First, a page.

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J Rheumatol. 1996 Mar;23(3):506-11.

Arthritis associated with HIV infection in Zimbabwe.

Author information

1
Division of Rheumatology, Vanderbilt University School of Medicine, Nashville, TN 37232-2681, USA.

Abstract

OBJECTIVE:

To document the clinical and immunogenetic features of arthritis associated with heterosexually acquired human immunodeficiency virus (HIV) infection.

METHODS:

All patients were assessed by a rheumatologist and standard laboratory tests were performed.

RESULTS:

There were 3 common clinical presentations. (1) Oligo/polyarticular arthritis (22 men, 4 women). HIV infection had not previously been diagnosed in 24 of these patients but persistent generalized lymphadenopathy (85%) and weight loss (42%) were present. Joints commonly involved were ankles (65%) and knees (54%), often with associated enthesitis (31%) and dactylitis (23%). Followup data in 18 patients showed that arthritis resolved completely in 9 patients (one subsequently recurred), improved by >50% in 5 patients, was unremitting in 3 patients, and recurred frequently in one patient. None of 7 patients tested were HLA-B27 or B7 positive. (2) Reiter's syndrome (RS) (21 men, 3 women; incomplete RS 18 patients,complete RS 6 patients). Lymphadenopathy was present in 19 patients (79%) and 4 patients were previously known to have HIV infection. Involvement of knees (80%) and ankles (58%) was common, as were enthesitis (29%) and dactylitis (13%). Followup data in 21 patients showed that 14 resolved (5 with recurrences), 2 improved by >50%, and 5 had continued arthritis. HLA-B27 was not found in 13 patients tested but a cross reacting antigen was found in 6 patients. (3) Symmetrical polyarthritis (4 men, 4 women). Symmetrical arthritis of the wrists (8 patients) and peripheral interphalangeal (PIP) and metacarpophalangeal (MCP) joints (7), as well as lymphadenopathy (5), nodules (4), rheumatoid factor (3), and erosive radiographic changes (one patient) were seen. (4) Miscellaneous. Other types of arthritis included 3 patients with psoriasis and arthritis and one patient each with Behcet's disease, Salmonella septic arthritis, and secondary syphilis.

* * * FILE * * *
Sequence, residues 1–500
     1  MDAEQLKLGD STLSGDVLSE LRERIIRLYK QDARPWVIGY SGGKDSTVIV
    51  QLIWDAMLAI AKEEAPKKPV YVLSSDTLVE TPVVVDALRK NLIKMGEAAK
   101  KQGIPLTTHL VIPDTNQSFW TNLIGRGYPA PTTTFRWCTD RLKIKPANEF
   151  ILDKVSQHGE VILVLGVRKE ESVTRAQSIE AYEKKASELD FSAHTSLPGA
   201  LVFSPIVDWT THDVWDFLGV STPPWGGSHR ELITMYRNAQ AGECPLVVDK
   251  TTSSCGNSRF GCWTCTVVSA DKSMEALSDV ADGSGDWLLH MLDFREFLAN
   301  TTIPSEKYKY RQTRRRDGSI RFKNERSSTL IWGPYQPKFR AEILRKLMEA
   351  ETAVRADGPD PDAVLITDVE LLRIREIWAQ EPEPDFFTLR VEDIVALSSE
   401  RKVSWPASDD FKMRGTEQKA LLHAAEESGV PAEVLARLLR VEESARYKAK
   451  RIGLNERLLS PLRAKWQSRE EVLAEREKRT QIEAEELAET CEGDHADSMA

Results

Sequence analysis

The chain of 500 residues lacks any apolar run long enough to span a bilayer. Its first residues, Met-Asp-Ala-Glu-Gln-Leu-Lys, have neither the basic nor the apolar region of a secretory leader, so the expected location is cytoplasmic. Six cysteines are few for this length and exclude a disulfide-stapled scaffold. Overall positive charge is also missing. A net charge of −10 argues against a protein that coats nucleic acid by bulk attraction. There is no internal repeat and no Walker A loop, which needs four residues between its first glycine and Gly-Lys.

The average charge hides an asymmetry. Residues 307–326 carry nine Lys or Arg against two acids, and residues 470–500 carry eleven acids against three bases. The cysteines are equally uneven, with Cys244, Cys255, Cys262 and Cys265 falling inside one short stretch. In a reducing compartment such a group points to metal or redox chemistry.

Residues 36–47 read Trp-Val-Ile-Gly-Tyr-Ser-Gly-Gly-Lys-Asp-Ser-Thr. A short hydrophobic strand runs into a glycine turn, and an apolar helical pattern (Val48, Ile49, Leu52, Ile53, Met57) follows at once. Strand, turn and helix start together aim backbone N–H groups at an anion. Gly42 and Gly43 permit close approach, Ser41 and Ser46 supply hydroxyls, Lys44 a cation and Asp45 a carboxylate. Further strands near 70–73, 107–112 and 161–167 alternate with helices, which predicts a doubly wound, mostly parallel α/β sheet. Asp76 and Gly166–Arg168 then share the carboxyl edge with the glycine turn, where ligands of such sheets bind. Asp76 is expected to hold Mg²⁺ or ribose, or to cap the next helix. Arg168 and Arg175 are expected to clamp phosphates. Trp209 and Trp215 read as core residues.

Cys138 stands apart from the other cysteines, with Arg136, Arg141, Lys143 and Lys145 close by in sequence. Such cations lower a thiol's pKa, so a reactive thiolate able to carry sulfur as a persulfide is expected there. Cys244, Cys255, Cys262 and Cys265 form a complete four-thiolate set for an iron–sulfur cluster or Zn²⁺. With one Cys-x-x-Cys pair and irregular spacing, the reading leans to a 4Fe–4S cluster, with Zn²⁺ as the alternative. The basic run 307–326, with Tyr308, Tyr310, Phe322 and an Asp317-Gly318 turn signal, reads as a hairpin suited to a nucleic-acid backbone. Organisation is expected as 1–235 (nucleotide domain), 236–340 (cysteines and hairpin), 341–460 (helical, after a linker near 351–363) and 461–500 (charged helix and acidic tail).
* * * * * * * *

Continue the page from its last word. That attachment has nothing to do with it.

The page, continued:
CONCLUSION:

Arthritis associated with HIV in this population is most commonly characterized by oligoarticular, asymmetrical, large joint arthritis, with or without features of Reiter's syndrome, and is not associated with HLA-B27.

PIP:

Patients with arthritis referred to the rheumatic disease clinic at the University of Zimbabwe or seen in consultation over a period of 4 years were studied. All 64 patients were assessed by a rheumatologist and standard laboratory tests were performed. There were three common clinical presentations. 1) Oligo- and polyarticular arthritis (22 men, 4 women). HIV infection had not previously been diagnosed in 24 of these patients, but persistent generalized lymphadenopathy (85%) and weight loss (42%) were present. Joints commonly involved were ankles (65%) and knees (54%), often with associated enthesitis (31%) and dactylitis (23%). Follow-up data in 18 patients showed that arthritis resolved completely in 9 patients (one subsequently recurred), improved by 50% in 5 patients, was unremitting in 3 patients, and recurred frequently in 1 patient. None of 7 patients tested possessed HLA-B27 or one of the B7 cross-reacting group (B7-CREG) of antigens. 2) Reiter's syndrome (RS) (21 men, 3 women: incomplete RS, 18 patients; complete RS, 6 patients). Lymphadenopathy was present in 19 patients (79%), and 4 patients were previously known to have HIV infection. Involvement of knees (80%) and ankles (58%) was common, as were enthesitis (29%) and dactylitis (13%). Follow-up data in 21 patients showed that 14 resolved (5 with recurrences), 2 improved by 50%, and 5 had continued arthritis. HL-B27 was not found 13 patients tested, but a cross-reacting antigen was found in 6 patients. 3) Symmetrical polyarthritis (4 men, 4 women). Symmetrical arthritis of the wrists (8 patients) and peripheral interphalangeal (PIP) and metacarpophalangeal (MCP) joints (7), as well as lymphadenopathy (5), nodules (4), rheumatoid factor (3), and erosive radiographic changes (1) were seen. Other types of arthritis included 3 patients with psoriasis and arthritis and 1 patient each with Beheet's disease, Salmonella septic arthritis, and secondary syphilis. All patients were treated with a nonsteroidal anti-inflammatory drug (NSAID), most commonly indomethacin, with the addition of low-dose prednisolone (5-10 mg for 4 patients) and/or chloroquine (150 mg base daily for 11 patients) if clinically indicated. In patients in whom arthritis improved, the effect was gradual over 3-6 months.

PMID:
8832993
[Indexed for MEDLINE]

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